Two Epic Marches in 1775

During the early days of the Revolutionary War, there were two epic marches of heroic proportion.  Henry Knox’s Noble train of artillery in November and December 1775 was one.  Benedict Arnold’s march through the wilderness of Maine for the invasion of Quebec in September to November 1775 was the other, and the one that seems to have been lost to history because of Arnold’s turncoat future in the war and the immediate result from each effort.

Benedict Arnold was the person credited with the idea of hauling the artillery from Fort Ticonderoga to Boston, which was occupied by British troops but under siege from the colonists.  The Generals recognized that a long, drawn-out siege was going to help the British more than the colonists, as reinforcements from England would be arriving at some point in the spring to try to eradicate the uprising.  Ships in Boston harbor weren’t going to leave just because militiamen were surrounding Boston.  Artillery was needed to encourage them to move on.

Since Arnold was a little busy marching through the wilderness of Maine, it fell on Henry Knox to bring the cannon from Ticonderoga to Boston.  As with any travel in those days, using existing waterways was much easier than horse paths through the woods.  So bringing almost 120,000 pounds of cannon down the Hudson River to Albany made a lot of sense, but from there they needed to haul the cannon on sleds across ice and rough terrain all the way to the Dorchester Heights.  The hardest part of this overland trip must surely have been bringing them over the Berkshires roughly where Blandford, Massachusetts is today (where the Massachusetts Turnpike cuts through the Berkshires).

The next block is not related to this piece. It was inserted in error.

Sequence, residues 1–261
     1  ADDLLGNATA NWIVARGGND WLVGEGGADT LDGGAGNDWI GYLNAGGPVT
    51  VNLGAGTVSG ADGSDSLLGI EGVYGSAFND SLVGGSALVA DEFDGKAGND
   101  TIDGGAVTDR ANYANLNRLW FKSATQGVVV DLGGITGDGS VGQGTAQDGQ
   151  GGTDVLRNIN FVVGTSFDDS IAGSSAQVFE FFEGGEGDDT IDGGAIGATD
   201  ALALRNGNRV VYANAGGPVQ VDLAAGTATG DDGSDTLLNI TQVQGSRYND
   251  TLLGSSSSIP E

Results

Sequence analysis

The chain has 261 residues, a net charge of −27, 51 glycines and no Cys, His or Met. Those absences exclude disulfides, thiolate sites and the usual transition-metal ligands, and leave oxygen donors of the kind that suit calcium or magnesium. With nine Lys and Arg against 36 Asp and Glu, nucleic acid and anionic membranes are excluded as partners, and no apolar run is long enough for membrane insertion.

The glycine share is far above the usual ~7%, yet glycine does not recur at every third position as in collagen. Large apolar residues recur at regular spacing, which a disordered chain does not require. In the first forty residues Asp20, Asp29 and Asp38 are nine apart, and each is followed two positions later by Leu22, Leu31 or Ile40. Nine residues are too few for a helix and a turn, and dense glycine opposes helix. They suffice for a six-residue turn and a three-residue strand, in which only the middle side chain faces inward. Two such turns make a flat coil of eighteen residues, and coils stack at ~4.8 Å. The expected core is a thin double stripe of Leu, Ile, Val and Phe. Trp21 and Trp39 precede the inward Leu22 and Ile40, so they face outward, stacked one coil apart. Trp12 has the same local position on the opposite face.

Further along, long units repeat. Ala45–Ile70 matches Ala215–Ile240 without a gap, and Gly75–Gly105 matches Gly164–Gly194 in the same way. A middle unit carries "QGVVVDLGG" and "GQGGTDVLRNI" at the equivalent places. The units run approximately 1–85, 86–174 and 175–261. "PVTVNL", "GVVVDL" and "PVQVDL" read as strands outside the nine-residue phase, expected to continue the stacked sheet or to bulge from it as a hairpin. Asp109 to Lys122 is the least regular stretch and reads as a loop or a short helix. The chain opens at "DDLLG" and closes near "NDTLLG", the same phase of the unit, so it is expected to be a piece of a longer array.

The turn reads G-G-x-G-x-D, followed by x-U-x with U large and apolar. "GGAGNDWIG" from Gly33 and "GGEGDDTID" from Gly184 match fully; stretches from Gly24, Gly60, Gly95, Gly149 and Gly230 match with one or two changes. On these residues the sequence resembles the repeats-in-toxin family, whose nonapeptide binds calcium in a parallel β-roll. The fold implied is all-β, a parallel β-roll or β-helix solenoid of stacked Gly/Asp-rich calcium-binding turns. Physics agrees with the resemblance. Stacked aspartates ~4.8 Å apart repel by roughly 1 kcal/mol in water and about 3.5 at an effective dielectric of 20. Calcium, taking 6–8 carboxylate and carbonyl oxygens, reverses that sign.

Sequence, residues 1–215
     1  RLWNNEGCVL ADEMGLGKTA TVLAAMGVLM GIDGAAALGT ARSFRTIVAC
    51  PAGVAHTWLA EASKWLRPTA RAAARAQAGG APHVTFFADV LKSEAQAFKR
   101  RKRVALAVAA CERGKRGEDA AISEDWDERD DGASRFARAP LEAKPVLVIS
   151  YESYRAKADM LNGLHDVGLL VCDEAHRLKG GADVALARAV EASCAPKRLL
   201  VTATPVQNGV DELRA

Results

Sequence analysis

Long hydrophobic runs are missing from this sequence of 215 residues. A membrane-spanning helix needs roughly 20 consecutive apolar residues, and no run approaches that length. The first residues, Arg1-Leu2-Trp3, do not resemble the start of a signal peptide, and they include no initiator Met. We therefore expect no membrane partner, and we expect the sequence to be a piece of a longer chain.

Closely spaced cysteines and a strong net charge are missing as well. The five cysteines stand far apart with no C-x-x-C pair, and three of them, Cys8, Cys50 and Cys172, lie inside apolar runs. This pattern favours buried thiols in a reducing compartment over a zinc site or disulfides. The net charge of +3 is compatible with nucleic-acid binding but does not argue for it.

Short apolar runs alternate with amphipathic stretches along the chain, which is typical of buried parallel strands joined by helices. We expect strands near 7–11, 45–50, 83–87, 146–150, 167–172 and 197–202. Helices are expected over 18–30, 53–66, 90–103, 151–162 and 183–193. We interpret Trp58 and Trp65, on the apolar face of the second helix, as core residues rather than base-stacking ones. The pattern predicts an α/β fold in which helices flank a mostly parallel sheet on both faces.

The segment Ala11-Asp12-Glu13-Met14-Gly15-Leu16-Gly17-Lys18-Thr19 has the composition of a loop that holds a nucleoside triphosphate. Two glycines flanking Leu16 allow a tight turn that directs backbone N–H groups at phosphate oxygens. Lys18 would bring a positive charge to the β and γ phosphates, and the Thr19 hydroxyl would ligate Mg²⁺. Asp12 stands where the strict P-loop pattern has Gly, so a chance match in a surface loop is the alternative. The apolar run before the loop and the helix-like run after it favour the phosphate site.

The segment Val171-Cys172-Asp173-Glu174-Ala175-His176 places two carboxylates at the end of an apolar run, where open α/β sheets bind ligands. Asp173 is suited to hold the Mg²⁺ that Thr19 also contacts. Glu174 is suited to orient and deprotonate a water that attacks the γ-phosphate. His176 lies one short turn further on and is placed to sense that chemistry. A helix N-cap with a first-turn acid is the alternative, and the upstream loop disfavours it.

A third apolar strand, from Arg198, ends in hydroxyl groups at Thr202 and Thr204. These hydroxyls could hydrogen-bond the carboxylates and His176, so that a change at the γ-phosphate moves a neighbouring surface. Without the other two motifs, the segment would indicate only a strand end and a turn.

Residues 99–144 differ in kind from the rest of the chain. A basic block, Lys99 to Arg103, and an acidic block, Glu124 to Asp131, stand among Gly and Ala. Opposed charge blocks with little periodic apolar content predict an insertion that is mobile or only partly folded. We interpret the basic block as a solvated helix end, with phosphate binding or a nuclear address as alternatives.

Arnold by contrast sailed to the Kennebec River and up to Augusta, Maine, where he began his march through the wilderness to Quebec.  He started with 1100 men, and reached the St. Lawrence with about 600 starving men.  Some starved to death on the trip, and the rest abandoned the march and retreated towards home.  Arnold’s expedition was even more bold than Knox’s.  Yet the immediate results were very different.  Knox’s artillery chased the British out of Boston on what is forever celebrated as Evacuation Day in the city.  Arnold’s army reached Quebec and were met there by Montgomery’s troops who had come from Lake Champlain.  Ultimately they didn’t have the numbers or the artillery to lay a proper siege on Quebec, and they were eventually chased away as the ice broke on the St Lawrence and British reinforcements arrived to chase them down.

Two men remembered differently in history.  Benedict Arnold’s name is forever associated with treason, but in the early years of the war he was a hero many times over.  Henry Knox would continue to grow his career in the Continental Army, becoming the Secretary of War for the United States.  His name lives on at Fort Knox.  Benedict Arnold doesn’t have any forts named after him, but the United States may not have won the war without him.

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